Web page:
In 1991 I had a catastrophic car accident and when I was strong enough to write again, decided to use my accident and injuries in fiction. At that time I decided I wanted to be physically closer to my publisher and took the idea to Allen & Unwin. Peeling the Onion was published in 1996 - not an easy book to write, but luckily it was extremely well received. I remember discussing a new idea with my publisher on the way to the 1997 award ceremonies - that book turned out to be Nim’s Island, which took a year or so of reworking before I remembered a story I’d written when I was eight, and it finally came to life. It was published in Australia in 1999, sold to seven other countries - and in 2003 was optioned for a film. That came out in 2008, starring Jodie Foster, so it was quite an amazing experience - very different from my usual life as an author. The sequel also came out as an Australian film, but the next big writing milestone for me was when I decided to write a story that had been haunting me for nearly 30 years, and to write it in the way I heard it - in blank verse, though in the end I rewrote about half into prose. I wasn’t sure why a book set in the Bronze Age felt so intensely personal and frightening to share, but as I finished realised it had explored many of my feelings about becoming disabled, in a different way from Peeling the Onion. That was Dragonfly Song, which won the PM’s Award for Children’s Literature in 2017. I’m now writing/rewriting/rewriting… a third novel in the same world and style, Cuckoo’s Flight.
What's been the hardest part of your writing/publishing experience so far? And the most enjoyable?
The two hardest things generally are those moments of wondering whether anyone will ever read or love what I'm writing, and the constant fluctuation in income, wondering if I’ll make a living each year. The hardest experience was having an educational company verbally contract (Note - there is no such thing!) twelve pictures books and one middle grade. New owners took over the company, decided that my editor wasn’t experienced enough to handle a project that she had sold internationally, fired her and sent back all the books she’d contracted. Later they asked for four of them back. This time I got a contract, but when I saw the changes they’d made to one text I refused to have them published under my name. It was devastating. (Obviously this was before I had an agent.)
So many more enjoyable experiences! The thrill of feeling a new story take shape in my head, and later the quieter joy of feeling I may have got some of it close to what I dreamed. The incredible experience of seeing my characters come to life on screen; of working with very smart people who really understood and loved my story, and of course the whole surreal Hollywood red carpet glamour. But there is also nothing like the feeling of your publisher phoning to say how much she loves the new book, or the first time you hear that one of your books changed someone’s life. Nim’s Island is used widely in the USA for One School One Book, where the whole school community reads the same book and sets other curricula around it for a month or a term. The teaching staff go to so much trouble to set it up - it is such a thrill every time I hear about it. And for something completely different - one of the loveliest experiences I’ve had was doing a reading to families under a huge banyan tree at a festival in New Delhi. It was magical.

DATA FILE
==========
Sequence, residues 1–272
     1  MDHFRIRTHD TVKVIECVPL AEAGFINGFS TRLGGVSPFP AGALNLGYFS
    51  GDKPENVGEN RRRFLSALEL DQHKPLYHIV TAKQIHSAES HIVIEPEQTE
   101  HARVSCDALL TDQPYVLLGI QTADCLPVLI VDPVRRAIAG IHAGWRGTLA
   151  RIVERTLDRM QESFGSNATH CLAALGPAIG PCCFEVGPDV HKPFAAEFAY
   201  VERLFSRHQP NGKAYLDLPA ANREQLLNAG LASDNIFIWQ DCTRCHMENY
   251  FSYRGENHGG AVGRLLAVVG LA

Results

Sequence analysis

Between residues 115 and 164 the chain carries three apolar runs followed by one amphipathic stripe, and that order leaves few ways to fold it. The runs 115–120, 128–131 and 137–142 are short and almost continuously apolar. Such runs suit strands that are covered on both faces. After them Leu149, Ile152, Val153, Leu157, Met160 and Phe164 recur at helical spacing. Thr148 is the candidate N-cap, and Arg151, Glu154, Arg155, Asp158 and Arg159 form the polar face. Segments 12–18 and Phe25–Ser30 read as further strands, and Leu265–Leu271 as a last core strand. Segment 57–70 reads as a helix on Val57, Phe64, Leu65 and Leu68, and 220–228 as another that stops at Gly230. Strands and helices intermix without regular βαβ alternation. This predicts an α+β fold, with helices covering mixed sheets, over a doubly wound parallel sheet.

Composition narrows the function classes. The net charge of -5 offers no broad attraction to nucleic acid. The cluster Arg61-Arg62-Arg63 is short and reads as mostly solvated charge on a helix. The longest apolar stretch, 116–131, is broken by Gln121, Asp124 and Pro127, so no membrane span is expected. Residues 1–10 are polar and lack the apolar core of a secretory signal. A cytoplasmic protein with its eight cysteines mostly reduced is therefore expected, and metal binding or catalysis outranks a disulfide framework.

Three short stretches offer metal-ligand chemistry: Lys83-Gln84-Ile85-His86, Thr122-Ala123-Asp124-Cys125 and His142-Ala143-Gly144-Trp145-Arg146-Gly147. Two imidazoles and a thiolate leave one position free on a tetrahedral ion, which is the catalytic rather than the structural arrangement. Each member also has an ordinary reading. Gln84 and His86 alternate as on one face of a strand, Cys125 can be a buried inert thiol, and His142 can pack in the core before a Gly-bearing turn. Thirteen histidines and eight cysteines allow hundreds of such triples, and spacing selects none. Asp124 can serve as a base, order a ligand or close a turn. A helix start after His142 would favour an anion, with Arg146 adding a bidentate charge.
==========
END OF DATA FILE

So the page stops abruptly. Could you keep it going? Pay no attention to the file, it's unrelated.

Would you go back and change anything?
I’d have more confidence in asking for what I wanted and was entitled to. (And I wouldn’t break my neck. Not being able to do appearances just as my career was taking off was not a good start.)
Where would you like to be in 5 years time? And 10? Or, what are your plans for the future?
To go on writing the best books I can, no matter where they take me.
What's one piece of advice you'd give to new writers just starting out?
Love what you do, and only do what you love.
And most importantly...
Ketchup or Mayo? - Mayo.
Night or Day? - Day
Inside or Outside? - Outside
Dogs or Cats? - Dogs
Twitter or Facebook? - Twitter
Ebook or Paperback? - I’m in transition! A year ago I still would have said paperback but now I’m not so sure…
Sun or Rain? - Sun
Keyboard or Pencil & Notebook? - Notebook and favourite pen
Comedy or Drama? - Yes please.
Chips or Chocolate? - Chocolate. But only if it’s above 75%
Want to guest blog or be interviewed? Got a cover reveal or book coming out?
Get in touch today!